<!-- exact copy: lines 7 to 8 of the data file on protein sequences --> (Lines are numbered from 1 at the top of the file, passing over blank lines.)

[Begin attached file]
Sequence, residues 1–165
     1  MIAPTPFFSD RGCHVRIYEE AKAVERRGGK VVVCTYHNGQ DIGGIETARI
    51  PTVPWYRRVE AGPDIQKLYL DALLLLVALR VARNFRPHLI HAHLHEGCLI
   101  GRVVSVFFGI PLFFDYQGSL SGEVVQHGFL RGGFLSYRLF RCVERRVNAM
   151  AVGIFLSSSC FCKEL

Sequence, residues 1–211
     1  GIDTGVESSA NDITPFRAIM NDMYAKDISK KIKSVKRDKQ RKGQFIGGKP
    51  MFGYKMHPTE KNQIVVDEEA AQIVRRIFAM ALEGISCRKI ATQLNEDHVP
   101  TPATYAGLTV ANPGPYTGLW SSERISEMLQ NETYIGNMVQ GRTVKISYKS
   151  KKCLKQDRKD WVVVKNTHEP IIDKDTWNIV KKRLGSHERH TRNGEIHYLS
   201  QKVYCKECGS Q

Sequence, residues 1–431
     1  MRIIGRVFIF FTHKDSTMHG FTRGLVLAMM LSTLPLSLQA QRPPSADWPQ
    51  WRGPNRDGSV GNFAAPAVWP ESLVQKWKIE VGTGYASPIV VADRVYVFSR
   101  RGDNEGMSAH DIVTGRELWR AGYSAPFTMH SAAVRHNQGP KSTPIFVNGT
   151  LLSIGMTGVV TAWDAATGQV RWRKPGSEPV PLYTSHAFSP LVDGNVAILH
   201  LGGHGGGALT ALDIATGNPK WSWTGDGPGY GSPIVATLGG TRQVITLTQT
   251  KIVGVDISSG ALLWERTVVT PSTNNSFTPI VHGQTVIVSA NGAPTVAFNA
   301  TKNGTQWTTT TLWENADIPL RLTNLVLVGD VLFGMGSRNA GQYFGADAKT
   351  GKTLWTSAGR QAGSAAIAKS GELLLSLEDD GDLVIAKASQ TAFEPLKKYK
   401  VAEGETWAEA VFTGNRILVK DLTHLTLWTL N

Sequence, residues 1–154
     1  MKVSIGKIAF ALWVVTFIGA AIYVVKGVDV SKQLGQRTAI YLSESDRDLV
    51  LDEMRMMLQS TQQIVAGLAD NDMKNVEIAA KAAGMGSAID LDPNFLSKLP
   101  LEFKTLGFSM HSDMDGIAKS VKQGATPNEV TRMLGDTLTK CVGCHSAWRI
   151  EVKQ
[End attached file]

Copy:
     1  GIDTGVESSA NDITPFRAIM NDMYAKDISK KIKSVKRDKQ RKGQFIGGKP
    51  MFGYKMHPTE KNQIVVDEEA AQIVRRIFAM ALEGISCRKI ATQLNEDHVP